A friend and I both went on weight loss plans at the same time. Mine was a low carb one while she went on some doctor-regulated diet where she only drank chemically balanced smoothies. In the beginning, I lost more weight, but she soon caught up to me and passed me by never allowing solid food to touch her lips. I’m not sure what was in the smoothies, but it wasn’t food. After reaching her goal, she looked great and was ready to re-incorporate food in her diet. Whenever I saw her, she was having a free day and eating some forbidden item.
At first, her behavior made me wonder if I was being too strict, counting all my carbs reading labels for hidden carbs, cruising parties with a bottle of water and buffet shrimp on my plate. I joined her in the free day movement telling myself it was only this once. This stretched to family reunions and get togethers where I rationalized someone would be hurt if I didn’t eat their noodle casserole. The occasional restaurant stop didn’t have me wolfing down a cheeseburger and fries, but often I was unaware what went into their dishes. A simple entrée I thought was meat and cabbage arrived in a pastry crust drizzled with sauce.
As you probably guessed, my friend and I gained back the weight we loss. Her gain was twenty percent of what she lost. While mine was five pounds of the thirty. I realized what I had done with the long winter I’d sampled cookies, chucked back mixed drinks, even ate pie on a few occasions. I believed just this once wouldn’t hurt. After all, I wasn’t on the induction phase anymore, but I wasn’t counting carbs either.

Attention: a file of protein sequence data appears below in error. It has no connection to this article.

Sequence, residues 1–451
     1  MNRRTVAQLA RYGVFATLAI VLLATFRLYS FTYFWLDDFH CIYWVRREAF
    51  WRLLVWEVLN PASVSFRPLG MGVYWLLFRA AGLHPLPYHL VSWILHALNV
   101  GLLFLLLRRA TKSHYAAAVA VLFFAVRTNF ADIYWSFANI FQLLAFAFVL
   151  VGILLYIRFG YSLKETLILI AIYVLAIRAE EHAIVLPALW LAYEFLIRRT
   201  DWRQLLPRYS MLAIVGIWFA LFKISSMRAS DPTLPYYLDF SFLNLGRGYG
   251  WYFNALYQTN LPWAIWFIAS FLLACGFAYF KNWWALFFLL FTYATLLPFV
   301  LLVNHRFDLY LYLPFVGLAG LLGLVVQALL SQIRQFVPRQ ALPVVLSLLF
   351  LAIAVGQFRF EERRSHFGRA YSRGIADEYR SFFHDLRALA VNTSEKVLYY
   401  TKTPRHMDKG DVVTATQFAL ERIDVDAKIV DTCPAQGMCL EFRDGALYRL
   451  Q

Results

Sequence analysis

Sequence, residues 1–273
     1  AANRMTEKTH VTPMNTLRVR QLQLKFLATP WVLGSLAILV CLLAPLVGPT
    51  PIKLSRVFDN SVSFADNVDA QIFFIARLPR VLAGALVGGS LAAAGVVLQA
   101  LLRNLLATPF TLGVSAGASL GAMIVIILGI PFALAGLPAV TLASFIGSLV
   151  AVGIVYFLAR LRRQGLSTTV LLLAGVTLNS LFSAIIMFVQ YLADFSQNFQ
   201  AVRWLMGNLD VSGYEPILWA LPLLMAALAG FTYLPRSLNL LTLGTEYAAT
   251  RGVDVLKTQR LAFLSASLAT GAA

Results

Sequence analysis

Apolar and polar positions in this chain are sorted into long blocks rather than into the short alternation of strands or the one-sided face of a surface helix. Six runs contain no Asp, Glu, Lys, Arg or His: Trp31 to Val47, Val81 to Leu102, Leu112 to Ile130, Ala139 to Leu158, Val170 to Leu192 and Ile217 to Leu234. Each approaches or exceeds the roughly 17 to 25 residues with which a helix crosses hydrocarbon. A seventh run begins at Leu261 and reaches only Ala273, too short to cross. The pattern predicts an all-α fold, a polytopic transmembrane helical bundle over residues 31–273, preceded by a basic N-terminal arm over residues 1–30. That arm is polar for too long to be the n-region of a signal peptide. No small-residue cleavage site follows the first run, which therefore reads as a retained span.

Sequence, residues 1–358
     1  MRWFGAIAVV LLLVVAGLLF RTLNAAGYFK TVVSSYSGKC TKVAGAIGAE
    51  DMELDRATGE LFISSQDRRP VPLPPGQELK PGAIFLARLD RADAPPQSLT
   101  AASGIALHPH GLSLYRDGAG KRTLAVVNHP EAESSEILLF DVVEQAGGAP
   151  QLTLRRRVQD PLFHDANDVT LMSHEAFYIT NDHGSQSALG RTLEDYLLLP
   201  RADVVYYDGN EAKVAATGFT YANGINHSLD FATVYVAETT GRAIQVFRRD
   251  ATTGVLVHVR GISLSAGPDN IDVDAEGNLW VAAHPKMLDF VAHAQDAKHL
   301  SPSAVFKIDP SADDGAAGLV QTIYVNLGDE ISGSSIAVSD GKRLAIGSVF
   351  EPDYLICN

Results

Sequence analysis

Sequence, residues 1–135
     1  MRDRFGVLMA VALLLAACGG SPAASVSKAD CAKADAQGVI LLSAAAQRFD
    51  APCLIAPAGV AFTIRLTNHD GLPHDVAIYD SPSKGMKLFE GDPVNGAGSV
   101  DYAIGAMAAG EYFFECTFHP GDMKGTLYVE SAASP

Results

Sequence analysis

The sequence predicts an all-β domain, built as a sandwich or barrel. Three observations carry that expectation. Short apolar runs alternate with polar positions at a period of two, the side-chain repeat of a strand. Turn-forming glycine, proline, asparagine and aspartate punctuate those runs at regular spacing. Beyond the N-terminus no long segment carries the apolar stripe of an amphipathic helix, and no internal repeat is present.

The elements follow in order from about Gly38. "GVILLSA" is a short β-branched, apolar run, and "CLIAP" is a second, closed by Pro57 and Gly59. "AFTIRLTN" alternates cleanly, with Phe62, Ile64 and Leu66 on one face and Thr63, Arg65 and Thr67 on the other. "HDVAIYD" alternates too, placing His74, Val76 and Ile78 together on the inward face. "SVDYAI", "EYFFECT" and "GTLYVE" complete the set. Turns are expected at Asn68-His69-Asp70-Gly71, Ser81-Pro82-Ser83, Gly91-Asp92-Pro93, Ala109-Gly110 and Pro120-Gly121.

I had no clue how many carbs I was ingesting. Even when I ate lower carb food if I ate enough of it while watching television, I still packed on the carbs. I also stretched out the size of my stomach undoing the work I’d done earlier teaching it proper portion control.
My Atkins mentor reminded me to get back on the wagon as opposed to berating my fate. I started back at the induction phase and dropped two pounds in two days. I knew the remedy all along.
I realize there are plenty of people who will insist you can’t subsist on protein alone. I agree. However, all those carb-rich treats I gobble didn’t taste as good as I imagined they would. The potatoes sat heavy in my stomach while the sugar in the desserts grated on my teeth.
On my low carb journey, I’ve discovered low or no-carb products, low carb recipes, and delicious alternatives to traditional carb-rich foods. Switching to low carb isn’t a diet, but a life style. Unfortunately, like my friend I treated it as a diet.
When I was thirty pounds heavier, I ate whatever I wanted from cookies to loaded nachos and consumed the guilt along with them. Thanks to LC Foods, I can still have my nachos and cookies in tasty, low carb varieties. My local Meijer has several low carb brands now, which shows I’m not the only person concerned with my carb intake.
As for free days, they’re never free. They tend to group together similar to sticky buns. One begets another. It probably won’t hurt me to have a free ITEM a week. Notice I didn’t say meal. A meal stretches out the smaller stomach and makes me yearn for more carbs.
Usually after eating low carb for so long, the item I want never tastes as good as I’d imagined it would. Yesterday I dined out with my sister and received a meal I thought would be low carb, but wasn’t. I could have sent the meal back, but I didn’t. An easier option is to stick to meals I know are low carb or restaurants I’m familiar with since I’ll know which entrees to order. As for me, I’ve put myself back on the Induction Phase. I’ve learned my lesson about free days.
Sometimes our reliance on carbs is more of an addiction than a lifestyle choice. Here's an article that delve into this concept.